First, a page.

How did a "nemesis" overtake Claudius, Gertrude, Laertes, and Hamlet?

Claudius's ambition is the primary "nemesis" in the play. Hamlet's indecision, Gertrude's weakness, and Laertes' hot-headedness are their own personal "nemeses". The following passage from Act 5 Scene 2 of the play shows how Claudius has become a "nemesis" to his family by murdering King Hamlet: King Claudius: My words fly up, my thoughts remain below. Words without thoughts never to heaven go. Hamlet Act 5 Scene 2 (Line 30)

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If we understand the term "nemesis" to mean death (a nemesis is an enemy and death, to most people, is a chief enemy), then it is primarily Claudius's ambition and treachery that acts as the nemesis in the play, leading to multiple deaths.

Claudius wanted to be king at...

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If we understand the term "nemesis" to mean death (a nemesis is an enemy and death, to most people, is a chief enemy), then it is primarily Claudius's ambition and treachery that acts as the nemesis in the play, leading to multiple deaths.

Claudius wanted to be king at all costs, even to the point of murdering Hamlet's father, the king. This sets into motion a series of actions that culminates in the deaths of Claudius, Gertrude, Laertes, and Hamlet.

The sequence of events is as follows: Claudius kills King Hamlet. The ghost of King Hamlet visits Prince Hamlet and tells him to avenge this death. Prince Hamlet takes time determining that Claudius really is guilty. Then he kills Polonius by mistake, thinking he is Claudius. This brings Laertes back to Denmark, ready to kill Hamlet to avenge his own father's death.

Claudius gets the hot-headed Laertes to fight Hamlet with a poison-tipped rapier. Both Laertes and Hamlet are stabbed with it, so they are doomed to die. Gertrude dies when she drinks poisoned wine meant by Claudius to be drunk by Hamlet. Before he dies, Prince Hamlet kills Claudius.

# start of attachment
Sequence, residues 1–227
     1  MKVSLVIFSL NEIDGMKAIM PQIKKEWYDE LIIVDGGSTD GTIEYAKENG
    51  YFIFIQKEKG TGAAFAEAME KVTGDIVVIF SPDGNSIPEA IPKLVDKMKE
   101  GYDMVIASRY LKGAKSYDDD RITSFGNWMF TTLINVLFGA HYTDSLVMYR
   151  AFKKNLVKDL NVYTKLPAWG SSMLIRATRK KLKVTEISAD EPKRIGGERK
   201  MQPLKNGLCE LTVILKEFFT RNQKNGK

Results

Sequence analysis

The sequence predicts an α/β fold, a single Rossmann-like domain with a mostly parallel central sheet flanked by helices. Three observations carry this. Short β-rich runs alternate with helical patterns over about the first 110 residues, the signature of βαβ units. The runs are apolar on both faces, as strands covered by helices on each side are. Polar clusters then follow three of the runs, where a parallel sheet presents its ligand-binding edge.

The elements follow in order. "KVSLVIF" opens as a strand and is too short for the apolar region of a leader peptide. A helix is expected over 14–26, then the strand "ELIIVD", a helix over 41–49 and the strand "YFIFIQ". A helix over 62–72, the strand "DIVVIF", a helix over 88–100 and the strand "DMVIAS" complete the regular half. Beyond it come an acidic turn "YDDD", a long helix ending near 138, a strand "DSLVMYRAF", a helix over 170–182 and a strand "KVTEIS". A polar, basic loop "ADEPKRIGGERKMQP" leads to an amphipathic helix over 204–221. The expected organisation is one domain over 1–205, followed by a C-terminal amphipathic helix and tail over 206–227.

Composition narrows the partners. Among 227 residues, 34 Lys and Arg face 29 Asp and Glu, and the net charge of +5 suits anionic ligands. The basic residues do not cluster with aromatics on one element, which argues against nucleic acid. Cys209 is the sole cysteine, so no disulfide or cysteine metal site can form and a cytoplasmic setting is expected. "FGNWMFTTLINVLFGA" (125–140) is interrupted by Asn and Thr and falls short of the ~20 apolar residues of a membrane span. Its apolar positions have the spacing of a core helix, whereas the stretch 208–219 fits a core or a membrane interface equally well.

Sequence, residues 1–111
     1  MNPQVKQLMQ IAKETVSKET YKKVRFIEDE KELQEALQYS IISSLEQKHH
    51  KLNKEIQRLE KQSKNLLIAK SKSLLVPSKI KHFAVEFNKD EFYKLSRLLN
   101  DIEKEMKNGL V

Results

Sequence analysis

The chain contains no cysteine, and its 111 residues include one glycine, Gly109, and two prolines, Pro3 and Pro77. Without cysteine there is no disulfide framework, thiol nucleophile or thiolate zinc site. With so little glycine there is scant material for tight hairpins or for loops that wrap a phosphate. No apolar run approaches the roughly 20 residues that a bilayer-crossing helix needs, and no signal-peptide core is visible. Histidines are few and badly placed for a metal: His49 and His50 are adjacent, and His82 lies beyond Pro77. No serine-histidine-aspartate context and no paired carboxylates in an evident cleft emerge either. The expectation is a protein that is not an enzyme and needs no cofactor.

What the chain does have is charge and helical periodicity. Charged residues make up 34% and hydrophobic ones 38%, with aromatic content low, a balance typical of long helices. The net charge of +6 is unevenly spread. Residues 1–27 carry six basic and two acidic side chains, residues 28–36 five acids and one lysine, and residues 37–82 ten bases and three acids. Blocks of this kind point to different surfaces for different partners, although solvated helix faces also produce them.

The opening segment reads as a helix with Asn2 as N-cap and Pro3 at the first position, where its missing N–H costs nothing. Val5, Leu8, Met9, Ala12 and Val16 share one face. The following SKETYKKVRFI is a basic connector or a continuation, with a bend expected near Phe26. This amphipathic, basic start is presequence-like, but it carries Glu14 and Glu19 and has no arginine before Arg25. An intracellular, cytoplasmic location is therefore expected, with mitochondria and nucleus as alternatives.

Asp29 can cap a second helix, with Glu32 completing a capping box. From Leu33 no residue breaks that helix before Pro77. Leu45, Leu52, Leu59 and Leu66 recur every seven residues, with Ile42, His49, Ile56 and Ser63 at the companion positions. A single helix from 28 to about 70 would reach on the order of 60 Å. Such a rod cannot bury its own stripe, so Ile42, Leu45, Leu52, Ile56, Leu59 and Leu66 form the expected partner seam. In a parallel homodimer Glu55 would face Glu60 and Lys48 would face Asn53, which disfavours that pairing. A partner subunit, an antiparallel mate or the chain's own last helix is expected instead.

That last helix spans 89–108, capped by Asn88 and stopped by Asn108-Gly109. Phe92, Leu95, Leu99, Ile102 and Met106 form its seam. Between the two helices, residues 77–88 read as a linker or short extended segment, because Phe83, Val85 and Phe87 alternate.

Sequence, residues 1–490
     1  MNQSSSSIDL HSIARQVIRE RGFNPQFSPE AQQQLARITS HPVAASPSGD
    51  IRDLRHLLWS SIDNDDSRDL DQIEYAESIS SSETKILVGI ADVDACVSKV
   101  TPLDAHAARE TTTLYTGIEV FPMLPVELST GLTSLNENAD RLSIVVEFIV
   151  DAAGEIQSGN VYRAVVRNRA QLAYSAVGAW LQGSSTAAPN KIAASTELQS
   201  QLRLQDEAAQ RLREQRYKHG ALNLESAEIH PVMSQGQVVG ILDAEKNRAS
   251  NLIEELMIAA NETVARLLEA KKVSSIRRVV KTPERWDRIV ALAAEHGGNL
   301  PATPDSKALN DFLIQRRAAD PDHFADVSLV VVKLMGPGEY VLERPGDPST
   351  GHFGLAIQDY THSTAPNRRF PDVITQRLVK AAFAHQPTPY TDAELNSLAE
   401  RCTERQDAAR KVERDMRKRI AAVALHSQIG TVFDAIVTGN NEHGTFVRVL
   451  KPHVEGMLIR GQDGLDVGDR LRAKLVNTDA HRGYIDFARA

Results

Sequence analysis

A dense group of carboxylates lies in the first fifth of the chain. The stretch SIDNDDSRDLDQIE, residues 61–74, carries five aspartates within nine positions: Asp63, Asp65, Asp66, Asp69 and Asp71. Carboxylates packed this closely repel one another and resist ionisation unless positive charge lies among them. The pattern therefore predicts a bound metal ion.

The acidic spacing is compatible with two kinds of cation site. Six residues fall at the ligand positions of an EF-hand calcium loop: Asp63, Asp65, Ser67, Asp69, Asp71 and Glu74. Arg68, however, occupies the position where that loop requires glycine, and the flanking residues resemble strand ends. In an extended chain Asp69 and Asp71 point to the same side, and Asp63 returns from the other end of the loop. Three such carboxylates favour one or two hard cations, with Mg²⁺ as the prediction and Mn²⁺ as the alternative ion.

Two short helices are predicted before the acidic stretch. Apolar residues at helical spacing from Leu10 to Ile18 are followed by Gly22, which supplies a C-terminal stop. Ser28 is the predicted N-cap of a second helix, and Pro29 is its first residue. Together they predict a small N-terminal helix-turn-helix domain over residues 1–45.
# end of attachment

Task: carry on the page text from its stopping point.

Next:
All these deaths can be traced directly back to Claudius. However, each character also had a weakness that was their own personal nemesis or enemy: Hamlet was too indecisive, Gertrude was too weak and willing to go along with Claudius, and Laertes was too hot-headed. These factors also contributed to their deaths.

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I am not entirely sure what you mean by "nemesis" but one of the definitions is "something that a person cannot conquer or acheive".  If this is the case, then Claudius never achieves a true kingship (he cheats and murders to gain the throne, only to be killed himself), Gertrude loses her status as a respected queen; Laertes loses his sister and father and is doomed to a life of regret for leaving them both to pursue his own agendas; Hamlet avenges his father's death, but loses his mother and the fate of Denmark to Fortinbras in the process.  "Nemesis," therefore, in this definition, meets the criteria of tragedy...and Hamlet is one of literature's finest all-round examples of the term. 

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